Fictitious Digital Investment Certificates - The Canada Deposit Insurance Corporation has advised North American investors and depositors of an apparent Internet fraud scam falsely involving CDIC.  
Press Release:  www.occ.treas.gov/ftp/alert/2002-10.txt
Attachment:  www.occ.treas.gov/ftp/alert/2002-10a.txt


Generally, Internet web sites are considered advertising by the regulatory agencies. In some cases, the regulations contain special rules for multiple-page advertisements. It is not yet clear what would constitute a single "page" in the context of the Internet or on-line text. Thus, institutions should carefully review their on-line advertisements in an effort to minimize compliance risk.

In addition, Internet or other systems in which a credit application can be made on-line may be considered "places of business" under HUD's rules prescribing lobby notices. Thus, institutions may want to consider including the "lobby notice," particularly in the case of interactive systems that accept applications.

We continue our review of the OCC Bulletin about Infrastructure Threats and Intrusion Risks. This week we start a three part review of controls to prevent and detect intrusions. Management should determine the controls necessary to deter, detect, and respond to intrusions, consistent with the best practices of information system operators. Controls may include the following:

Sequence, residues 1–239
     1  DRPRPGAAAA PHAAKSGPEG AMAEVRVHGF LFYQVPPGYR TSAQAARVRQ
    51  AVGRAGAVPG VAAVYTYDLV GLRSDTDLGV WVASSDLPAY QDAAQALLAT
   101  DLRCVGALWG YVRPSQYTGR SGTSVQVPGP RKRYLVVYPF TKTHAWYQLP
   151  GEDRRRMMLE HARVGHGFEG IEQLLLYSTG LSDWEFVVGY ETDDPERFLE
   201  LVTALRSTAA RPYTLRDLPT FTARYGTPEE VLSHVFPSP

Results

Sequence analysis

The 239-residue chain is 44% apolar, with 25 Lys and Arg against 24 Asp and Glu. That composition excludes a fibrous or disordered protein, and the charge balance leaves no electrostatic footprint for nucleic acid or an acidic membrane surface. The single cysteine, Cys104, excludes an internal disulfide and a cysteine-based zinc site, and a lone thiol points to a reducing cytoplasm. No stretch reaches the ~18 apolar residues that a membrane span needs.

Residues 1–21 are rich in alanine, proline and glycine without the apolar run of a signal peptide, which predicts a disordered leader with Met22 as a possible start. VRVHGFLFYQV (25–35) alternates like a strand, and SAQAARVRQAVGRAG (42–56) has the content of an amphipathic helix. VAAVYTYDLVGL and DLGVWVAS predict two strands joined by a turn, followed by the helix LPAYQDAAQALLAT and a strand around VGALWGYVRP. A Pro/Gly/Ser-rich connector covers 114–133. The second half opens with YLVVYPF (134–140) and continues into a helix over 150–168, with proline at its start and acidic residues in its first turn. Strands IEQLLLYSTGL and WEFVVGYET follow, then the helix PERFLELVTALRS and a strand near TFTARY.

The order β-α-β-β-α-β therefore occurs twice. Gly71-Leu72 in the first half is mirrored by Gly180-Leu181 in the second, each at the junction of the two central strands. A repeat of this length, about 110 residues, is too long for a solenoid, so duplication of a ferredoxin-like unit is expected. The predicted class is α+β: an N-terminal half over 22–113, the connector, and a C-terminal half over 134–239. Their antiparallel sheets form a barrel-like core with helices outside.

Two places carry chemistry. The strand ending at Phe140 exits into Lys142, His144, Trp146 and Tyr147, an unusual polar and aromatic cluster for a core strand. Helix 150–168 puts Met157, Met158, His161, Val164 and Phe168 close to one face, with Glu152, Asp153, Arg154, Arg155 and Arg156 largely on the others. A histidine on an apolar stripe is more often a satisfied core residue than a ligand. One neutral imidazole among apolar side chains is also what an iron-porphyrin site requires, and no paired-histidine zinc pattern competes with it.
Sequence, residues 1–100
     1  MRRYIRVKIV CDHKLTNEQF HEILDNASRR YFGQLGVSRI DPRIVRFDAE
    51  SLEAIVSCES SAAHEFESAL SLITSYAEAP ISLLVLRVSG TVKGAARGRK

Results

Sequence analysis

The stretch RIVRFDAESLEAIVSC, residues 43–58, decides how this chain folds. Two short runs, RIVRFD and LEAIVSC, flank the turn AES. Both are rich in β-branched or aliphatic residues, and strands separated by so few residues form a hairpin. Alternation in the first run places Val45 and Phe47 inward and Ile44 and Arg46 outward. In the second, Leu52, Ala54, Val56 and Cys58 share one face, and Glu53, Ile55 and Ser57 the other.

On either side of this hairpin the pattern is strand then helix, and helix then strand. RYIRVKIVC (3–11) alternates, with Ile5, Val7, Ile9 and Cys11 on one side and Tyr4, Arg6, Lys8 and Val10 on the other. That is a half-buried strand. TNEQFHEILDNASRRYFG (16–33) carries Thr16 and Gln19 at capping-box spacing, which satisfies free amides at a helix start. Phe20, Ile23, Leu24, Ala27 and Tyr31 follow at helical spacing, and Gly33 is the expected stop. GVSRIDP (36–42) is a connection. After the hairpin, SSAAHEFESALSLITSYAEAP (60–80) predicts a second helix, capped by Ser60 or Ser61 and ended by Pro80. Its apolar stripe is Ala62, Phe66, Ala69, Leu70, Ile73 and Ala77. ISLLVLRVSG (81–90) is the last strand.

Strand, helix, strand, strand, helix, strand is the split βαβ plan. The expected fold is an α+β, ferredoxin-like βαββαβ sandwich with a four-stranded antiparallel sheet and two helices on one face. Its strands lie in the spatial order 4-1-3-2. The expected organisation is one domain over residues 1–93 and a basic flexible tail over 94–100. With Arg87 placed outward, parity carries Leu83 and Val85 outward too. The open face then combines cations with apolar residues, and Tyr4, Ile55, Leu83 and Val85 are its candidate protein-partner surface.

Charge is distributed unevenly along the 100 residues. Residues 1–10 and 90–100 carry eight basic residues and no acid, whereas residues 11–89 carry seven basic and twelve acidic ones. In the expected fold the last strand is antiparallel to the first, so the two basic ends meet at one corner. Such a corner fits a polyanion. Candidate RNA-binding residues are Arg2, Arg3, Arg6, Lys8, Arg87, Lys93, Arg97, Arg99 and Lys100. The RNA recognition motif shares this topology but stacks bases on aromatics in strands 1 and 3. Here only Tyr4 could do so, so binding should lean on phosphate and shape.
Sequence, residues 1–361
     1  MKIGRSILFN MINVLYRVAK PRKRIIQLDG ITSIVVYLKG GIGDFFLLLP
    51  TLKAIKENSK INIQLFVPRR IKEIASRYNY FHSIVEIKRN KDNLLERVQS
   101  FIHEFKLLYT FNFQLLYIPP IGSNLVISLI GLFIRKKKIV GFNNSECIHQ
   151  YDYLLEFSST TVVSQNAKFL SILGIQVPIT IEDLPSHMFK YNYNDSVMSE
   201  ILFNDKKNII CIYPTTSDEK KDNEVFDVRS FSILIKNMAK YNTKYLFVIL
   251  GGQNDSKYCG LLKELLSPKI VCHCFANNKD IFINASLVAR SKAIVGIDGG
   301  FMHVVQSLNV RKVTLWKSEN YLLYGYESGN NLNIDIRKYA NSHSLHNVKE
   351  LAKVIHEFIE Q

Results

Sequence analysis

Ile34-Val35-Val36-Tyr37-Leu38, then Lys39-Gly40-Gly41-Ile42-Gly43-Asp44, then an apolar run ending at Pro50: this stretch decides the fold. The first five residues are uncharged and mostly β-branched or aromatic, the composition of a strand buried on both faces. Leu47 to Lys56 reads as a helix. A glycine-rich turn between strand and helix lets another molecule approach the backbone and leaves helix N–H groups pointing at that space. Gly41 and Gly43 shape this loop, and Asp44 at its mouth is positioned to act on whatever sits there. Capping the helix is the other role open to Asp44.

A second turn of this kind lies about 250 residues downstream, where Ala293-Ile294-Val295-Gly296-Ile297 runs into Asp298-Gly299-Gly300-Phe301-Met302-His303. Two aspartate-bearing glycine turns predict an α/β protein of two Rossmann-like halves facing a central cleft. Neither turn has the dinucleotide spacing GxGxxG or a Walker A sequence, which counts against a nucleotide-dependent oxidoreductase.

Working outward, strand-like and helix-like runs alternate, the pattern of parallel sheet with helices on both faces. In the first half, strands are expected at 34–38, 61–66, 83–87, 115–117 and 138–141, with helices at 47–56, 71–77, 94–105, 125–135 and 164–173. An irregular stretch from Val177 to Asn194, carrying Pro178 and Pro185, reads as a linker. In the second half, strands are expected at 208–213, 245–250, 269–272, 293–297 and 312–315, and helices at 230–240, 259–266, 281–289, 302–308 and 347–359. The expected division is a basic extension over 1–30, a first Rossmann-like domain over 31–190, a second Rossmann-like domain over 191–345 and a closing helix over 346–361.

1) Authentication. Authentication provides identification by means of some previously agreed upon method, such as passwords and biometrics. (A method of identifying a person's identity by analyzing a unique physical attribute.) The means and strength of authentication should be commensurate with the risk. For instance, passwords should be of an appropriate length, character set, and lifespan (The lifespan of a password is the length of time the password allows access to the system. Generally speaking, shorter lifespans reduce the risk of password compromises.) for the systems being protected. Employees should be trained to recognize and respond to fraudulent attempts to compromise the integrity of security systems. This may include "social engineering" whereby intruders pose as authorized users to gain access to bank systems or customer records.